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Question of the Day
ST. PAUL, MINN. (AP) - The Vikings stadium deal that Minnesota Gov. Mark Dayton signed into law Monday involves plenty of public participation, but it also prevents the public from getting a look at the team’s finances during their partnership to build the $975 million stadium.
The law commits the state and city of Minneapolis to pay a combined $498 million, while the team will bring in $477 million from private sources.
One provision would shield “any financial information” from the team from public eyes. Critics say the blanket protection goes beyond current state law, leaving taxpayers in the dark on one of the state’s biggest public works projects. Minnesota law already allows businesses that get state money to avoid disclosing trade secrets, business plans, tax returns and other financial data.
“We now have the largest public commitment in the state’s history in an agreement with the Vikings, and we have an unprecedented lack of disclosure,” said Rep. Mary Liz Holberg, R-Lakeville, who voted against the stadium bill. “I just think that sunshine in government is good, and in exchange for nearly half a billion dollars in public commitment, there should be some sunshine on the other side of the ledger.”
The law creates a new Minnesota Sports Facilities Authority _with members to be appointed by Dayton and Minneapolis Mayor R.T. Rybak _ to vet the team’s ability to fulfill its financial commitment to build, operate and repair the stadium over 30 years. The authority can demand audited financial statements and other financial information if the team breaches its agreement, but it must keep that information confidential.
That means the public won’t be entitled to find out how much the team makes on stadium naming rights or parking or how much team owners Zygi and Mark Wilf put in themselves. The list of companies that bid to build the stadium will be kept confidential until the winner is selected.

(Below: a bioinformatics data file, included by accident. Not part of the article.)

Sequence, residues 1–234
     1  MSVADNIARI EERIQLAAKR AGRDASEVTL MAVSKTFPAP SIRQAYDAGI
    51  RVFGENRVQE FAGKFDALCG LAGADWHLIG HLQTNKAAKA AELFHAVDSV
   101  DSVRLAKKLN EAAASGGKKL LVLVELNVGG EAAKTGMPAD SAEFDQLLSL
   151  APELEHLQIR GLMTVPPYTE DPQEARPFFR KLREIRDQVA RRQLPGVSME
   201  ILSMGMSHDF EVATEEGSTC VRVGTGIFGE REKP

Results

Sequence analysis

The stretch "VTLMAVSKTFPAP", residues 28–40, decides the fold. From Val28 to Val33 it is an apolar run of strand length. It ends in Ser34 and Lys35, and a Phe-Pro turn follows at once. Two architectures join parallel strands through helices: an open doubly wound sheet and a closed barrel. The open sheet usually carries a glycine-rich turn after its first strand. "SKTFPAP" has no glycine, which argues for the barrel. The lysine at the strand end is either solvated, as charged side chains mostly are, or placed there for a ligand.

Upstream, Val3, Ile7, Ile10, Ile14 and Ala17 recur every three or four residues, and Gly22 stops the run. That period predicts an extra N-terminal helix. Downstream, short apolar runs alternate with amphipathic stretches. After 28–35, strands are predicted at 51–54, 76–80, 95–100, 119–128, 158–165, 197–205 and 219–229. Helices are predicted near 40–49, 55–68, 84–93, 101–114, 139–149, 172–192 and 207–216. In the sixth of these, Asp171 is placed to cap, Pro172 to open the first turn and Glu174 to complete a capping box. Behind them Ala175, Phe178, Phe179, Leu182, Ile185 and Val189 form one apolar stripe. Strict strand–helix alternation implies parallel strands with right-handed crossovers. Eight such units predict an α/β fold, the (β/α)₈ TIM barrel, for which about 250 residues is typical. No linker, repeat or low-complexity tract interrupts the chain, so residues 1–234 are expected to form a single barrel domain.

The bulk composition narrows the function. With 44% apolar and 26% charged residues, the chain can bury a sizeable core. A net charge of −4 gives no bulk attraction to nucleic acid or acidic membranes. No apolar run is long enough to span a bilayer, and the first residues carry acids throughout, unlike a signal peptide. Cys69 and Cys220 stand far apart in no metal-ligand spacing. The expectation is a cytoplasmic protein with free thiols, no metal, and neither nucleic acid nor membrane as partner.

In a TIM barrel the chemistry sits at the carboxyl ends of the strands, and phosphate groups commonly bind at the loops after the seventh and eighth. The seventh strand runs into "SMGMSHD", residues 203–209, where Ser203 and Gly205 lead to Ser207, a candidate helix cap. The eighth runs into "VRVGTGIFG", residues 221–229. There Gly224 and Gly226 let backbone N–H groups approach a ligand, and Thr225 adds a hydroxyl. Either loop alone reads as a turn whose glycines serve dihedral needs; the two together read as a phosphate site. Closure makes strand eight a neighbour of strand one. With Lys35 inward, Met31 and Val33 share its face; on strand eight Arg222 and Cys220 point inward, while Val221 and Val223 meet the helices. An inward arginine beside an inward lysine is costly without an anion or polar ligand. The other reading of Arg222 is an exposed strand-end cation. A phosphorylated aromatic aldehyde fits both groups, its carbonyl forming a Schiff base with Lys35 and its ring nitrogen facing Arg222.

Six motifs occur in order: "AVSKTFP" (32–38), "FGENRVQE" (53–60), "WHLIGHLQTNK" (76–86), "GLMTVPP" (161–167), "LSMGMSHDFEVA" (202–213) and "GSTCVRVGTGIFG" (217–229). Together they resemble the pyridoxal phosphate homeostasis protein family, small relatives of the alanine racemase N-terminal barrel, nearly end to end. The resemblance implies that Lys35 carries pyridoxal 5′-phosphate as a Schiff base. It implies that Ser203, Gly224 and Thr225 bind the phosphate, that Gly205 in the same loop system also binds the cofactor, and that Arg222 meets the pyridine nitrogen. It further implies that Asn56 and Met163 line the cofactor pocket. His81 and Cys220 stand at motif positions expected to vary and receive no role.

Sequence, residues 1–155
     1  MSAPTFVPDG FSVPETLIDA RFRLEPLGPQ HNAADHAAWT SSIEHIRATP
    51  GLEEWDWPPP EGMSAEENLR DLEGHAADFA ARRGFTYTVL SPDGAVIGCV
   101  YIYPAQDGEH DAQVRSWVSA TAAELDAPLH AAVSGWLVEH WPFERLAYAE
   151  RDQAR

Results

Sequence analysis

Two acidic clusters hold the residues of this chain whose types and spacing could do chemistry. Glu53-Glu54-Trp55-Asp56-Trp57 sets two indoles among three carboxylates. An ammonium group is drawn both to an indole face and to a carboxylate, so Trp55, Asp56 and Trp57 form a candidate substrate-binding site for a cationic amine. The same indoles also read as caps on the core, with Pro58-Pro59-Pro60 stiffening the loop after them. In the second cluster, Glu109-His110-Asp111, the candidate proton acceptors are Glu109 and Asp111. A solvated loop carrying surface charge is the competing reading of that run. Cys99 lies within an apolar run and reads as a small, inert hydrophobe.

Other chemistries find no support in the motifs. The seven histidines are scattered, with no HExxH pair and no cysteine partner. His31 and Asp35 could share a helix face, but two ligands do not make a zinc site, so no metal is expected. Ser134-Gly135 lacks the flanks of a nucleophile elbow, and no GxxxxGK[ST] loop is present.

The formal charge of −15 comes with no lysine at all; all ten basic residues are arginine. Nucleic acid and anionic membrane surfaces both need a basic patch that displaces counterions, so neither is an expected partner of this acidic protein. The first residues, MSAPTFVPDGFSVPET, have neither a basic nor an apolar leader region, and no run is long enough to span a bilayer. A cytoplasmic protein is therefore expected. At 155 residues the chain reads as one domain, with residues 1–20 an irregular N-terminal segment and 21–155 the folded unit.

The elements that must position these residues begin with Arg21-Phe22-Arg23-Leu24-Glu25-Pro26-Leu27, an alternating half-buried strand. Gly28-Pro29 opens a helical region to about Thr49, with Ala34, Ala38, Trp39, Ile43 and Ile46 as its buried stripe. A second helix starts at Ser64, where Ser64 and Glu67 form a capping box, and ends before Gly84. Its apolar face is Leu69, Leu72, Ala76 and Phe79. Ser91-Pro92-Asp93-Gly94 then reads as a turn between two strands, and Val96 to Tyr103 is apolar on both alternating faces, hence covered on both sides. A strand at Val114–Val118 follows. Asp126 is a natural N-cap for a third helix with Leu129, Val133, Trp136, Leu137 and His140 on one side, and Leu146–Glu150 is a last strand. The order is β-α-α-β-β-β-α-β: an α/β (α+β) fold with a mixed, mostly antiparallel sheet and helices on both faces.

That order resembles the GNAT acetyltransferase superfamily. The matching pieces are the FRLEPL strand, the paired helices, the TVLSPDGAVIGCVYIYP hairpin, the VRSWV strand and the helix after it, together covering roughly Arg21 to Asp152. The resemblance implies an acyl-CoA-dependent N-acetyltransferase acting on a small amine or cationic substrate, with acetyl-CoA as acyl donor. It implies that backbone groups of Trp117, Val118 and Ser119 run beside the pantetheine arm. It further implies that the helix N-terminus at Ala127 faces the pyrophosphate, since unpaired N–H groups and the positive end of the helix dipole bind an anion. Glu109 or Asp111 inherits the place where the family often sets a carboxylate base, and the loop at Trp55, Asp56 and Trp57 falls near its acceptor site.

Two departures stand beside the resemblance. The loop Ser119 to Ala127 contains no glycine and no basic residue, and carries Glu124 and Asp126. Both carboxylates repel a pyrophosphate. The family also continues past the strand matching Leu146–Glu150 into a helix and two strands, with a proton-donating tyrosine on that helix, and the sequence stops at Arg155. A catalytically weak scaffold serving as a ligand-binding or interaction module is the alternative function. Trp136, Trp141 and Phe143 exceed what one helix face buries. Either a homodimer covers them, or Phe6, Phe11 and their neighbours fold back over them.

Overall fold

Sen. Warren Limmer, R-Maple Grove, said the privacy shield for the Vikings is a “sweeping overgeneralized reference” that shouldn’t have passed.
“If you follow it by the letter of the law, they do not have to disclose a single iota of information in the relationship between the public money sources and the private sector,” said Limmer, who voted against the bill after arguing on the floor that privacy issues should have been examined in the judiciary committee he heads.
The Democratic governor and other stadium supporters said the authority’s oversight of the team’s finances provides protection for the public.
“The authority should have the right to make sure that they have the financial wherewithal, but where their financing comes from really is, you know, their business,” Dayton said after signing the bill.
“To just have their books all laid open to the public, I think that’s very dangerous,” said Sen. Julie Rosen, R-Fairmont, the stadium bill’s Senate sponsor.
Team vice president Lester Bagley said financial information has also been kept confidential for the Twins and other NFL teams with stadium deals. He said the Vikings shared audited financial statements with Dayton’s office and the business community during the stadium debate, on the promise of confidentiality.
Asked whether the team would voluntarily disclose more than the new law requires, he said, “We’ll abide by and conform with the legislative requirements.”
Another provision gives Legislative Auditor James Nobles the power to examine private financial information during regular audits of the Minnesota Sports Facilities Authority, but he is also barred from releasing information classified as nonpublic.
Monday’s Capitol signing ceremony drew construction workers and fans, who cheered, whistled and sang the team’s “Skol Vikings” fight song. Protesters carrying hand-lettered signs heckled Dayton and other speakers, one of them yelling, “Shame on you! Shame on you!” at the governor.
By Matt Kibbe
The short-term deal will assure long-term overspending
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